Thursday, June 21, 2012

Places and things of interest.

The contents of this website are mine personally and do not reflect any position of the U.S. government or the Peace Corps.

I believe I am like many engineers and others who have an interest in things that have a unique size or shape, unusual dimensions, are one of a kind, or extremely useful or constructed in a clever way.   

I would like to share some interesting things I have found in Ghana:  Lake Volta in the eastern part of Ghana, is the world's largest artificial body of water formed during  the 1960's by the clay and rock Akosombo Dam on the Volta river.  The electricity generated has been a real contributor to growth; another, Ghana is the country nearest to the spot some geographers call the center of the earth's surface, the place where the equator and the prime or zero meridian intersect.  The location with longitude 0" and latitude 0" is about 380 miles directly south of the coast of Ghana in the Gulf of Guinea/Atlantic.  Not useful or a tourist destination, just unique.   I hope to visit Lake Volta and the dam, but will fore go a boat ride to find the unmarked spot on the ocean.

Another, is shown  in the picture.  Called by almost everyone in Ghana "pure water" it is one half liter of safe drinking water in a thick, plastic bag or sachet.  Easy to transport and stock, durable, adequate shelf life, sold in kiosks, stores, or from a basket carried on the head of a vendor in the market or at a bus stop, this is clever design and marketing genius.  No bottle cap, just bite off one corner and enjoy refreshment almost any where.  Sold individually for about 6 cents each or by a lot of 30 sachets in a strong plastic bag for about 3 cents each, they are affordable to most folks.  No cartons and the bags of water conform to most available storage space. 

Down side, sometimes the water has an after taste and just like the plastic bottle, the disposal of the empty plastic sachet is an environmental nightmare.  The empty sachets are small, just dropped or tossed out the window, clog up most drainage systems and are very unsightly.   However, did not take long for the entrepreneurs to see that liquor could also be marketed in the same way, so vodka in a bag.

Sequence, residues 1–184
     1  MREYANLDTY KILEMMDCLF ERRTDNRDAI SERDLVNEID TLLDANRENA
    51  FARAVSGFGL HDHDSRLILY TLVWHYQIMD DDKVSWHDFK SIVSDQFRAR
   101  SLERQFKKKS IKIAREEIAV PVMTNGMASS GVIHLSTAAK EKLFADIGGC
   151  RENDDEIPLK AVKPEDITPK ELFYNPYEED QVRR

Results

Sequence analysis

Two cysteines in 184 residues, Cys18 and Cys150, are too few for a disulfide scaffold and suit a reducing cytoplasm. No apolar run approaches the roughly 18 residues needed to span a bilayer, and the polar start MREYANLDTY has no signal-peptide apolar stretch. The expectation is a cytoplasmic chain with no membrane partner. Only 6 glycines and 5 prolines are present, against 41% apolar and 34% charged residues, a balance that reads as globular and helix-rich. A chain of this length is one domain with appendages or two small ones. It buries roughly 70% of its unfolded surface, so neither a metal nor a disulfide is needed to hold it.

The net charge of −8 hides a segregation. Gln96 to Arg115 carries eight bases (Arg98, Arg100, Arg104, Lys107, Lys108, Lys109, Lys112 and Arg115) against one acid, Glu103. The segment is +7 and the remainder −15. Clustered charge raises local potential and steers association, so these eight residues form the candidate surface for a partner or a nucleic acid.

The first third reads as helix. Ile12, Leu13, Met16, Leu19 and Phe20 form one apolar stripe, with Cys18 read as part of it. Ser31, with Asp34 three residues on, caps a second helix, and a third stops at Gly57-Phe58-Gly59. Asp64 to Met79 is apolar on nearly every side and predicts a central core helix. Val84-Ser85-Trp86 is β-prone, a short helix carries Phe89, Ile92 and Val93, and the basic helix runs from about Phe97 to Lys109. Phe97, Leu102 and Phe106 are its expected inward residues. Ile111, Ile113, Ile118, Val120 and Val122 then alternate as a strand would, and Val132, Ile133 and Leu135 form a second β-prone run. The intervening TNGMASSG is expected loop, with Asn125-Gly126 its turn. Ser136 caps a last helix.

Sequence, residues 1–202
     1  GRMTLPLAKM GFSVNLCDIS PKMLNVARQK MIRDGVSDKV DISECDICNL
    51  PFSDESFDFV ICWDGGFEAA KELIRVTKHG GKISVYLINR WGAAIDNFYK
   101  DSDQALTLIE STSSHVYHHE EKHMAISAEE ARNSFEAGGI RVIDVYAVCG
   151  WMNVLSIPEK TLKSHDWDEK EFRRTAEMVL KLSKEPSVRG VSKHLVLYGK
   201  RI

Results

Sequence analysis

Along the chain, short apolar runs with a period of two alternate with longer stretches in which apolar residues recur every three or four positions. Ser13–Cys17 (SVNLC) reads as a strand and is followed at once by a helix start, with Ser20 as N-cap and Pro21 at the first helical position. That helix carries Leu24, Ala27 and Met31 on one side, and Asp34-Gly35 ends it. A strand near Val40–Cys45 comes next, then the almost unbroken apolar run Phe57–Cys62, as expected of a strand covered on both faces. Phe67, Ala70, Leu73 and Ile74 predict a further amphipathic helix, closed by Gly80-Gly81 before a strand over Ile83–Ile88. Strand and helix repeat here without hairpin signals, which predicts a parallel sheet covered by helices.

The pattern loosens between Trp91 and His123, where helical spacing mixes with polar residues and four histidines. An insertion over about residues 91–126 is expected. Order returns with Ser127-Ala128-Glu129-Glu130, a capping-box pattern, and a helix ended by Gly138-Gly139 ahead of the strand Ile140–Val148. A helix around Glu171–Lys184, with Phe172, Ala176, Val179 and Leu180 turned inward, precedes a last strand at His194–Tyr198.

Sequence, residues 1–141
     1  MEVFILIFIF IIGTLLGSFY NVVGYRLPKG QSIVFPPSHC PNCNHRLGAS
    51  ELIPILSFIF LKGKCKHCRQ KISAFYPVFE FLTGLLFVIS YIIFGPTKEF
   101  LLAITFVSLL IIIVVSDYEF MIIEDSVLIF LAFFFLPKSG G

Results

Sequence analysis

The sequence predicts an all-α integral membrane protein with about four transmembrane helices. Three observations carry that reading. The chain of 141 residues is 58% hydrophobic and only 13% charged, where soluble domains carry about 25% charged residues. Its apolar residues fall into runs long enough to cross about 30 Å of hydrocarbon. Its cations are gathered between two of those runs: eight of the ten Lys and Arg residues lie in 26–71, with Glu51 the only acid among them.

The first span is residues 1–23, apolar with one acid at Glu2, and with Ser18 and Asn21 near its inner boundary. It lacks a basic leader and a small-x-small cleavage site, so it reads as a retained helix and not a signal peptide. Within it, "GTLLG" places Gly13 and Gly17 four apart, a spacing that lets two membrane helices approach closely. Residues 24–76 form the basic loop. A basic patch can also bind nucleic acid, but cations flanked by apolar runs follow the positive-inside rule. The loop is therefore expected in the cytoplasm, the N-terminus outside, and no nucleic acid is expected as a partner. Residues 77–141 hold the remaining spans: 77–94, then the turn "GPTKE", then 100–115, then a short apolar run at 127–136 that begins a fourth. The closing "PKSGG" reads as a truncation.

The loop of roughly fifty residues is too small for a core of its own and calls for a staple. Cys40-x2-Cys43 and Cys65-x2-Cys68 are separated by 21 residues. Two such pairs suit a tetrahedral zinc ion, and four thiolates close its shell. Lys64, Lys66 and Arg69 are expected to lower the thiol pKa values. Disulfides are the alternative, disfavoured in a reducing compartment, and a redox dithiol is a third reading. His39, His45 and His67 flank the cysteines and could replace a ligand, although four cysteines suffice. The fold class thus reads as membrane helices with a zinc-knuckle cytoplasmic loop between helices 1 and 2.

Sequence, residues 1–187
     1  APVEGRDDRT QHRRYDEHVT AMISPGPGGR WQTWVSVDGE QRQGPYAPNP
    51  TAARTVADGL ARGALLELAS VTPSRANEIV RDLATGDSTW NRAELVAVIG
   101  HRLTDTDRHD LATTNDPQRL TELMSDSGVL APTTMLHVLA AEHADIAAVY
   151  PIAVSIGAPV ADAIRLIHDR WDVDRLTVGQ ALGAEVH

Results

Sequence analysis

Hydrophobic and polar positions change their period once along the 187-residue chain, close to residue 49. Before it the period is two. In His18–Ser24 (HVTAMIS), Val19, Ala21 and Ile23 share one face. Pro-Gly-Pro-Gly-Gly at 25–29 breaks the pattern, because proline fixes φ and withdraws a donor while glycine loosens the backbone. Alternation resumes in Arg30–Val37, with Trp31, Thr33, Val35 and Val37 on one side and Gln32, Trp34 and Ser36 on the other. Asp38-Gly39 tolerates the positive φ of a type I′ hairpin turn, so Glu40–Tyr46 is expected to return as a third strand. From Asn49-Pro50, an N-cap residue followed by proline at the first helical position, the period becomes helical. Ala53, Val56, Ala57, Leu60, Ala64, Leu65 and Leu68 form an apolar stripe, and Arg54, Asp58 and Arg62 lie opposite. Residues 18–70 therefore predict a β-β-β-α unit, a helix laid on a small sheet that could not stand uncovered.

I had not seen anything like this "pure water" until I arrived in Ghana.  I am told by the teachers at the school the water sachets started appearing about ten years ago, are used in other African countries, but they did not know who had the original idea.  Told me the machines to produce are from China.

I would not be surprised if the Social Scientists and folks who study human behavior have plenty of cases to study as the people of Ghana adjust to new, interesting, unique and rapid changes in their country.  Many adults have cell phones and have a great interest in the features.  Almost every teacher at my school has up dated his/her cell instrument at least twice since my arrival one year ago.  I have seen no "sit on the desk" type telephone.  I am now noticing a few young people with cell phones, the first one appeared in my 8th grade class this term.  At least half the houses in my village have a bamboo pole with a TV antenna attached, and I am told up to date video games are becoming available.  The other half may not have electricity yet.   Change will happen but the difference from my experience is the accelerated pace here.  I saw my first cell phone almost twenty five years ago and it would have been a tight fit in a shoe box.  First cell phone some students in Ghana see could have the features of a "black berry" or more.

I believe my job is to help my teacher colleagues advance the quality of  education in the village where I live and not let the wonder and thrill of gadgets and stuff over whelm the more important building of the capacity for a stronger society.  

By the way, I am told the largest tree in West Africa is in Ghana.  Wonder where it is?

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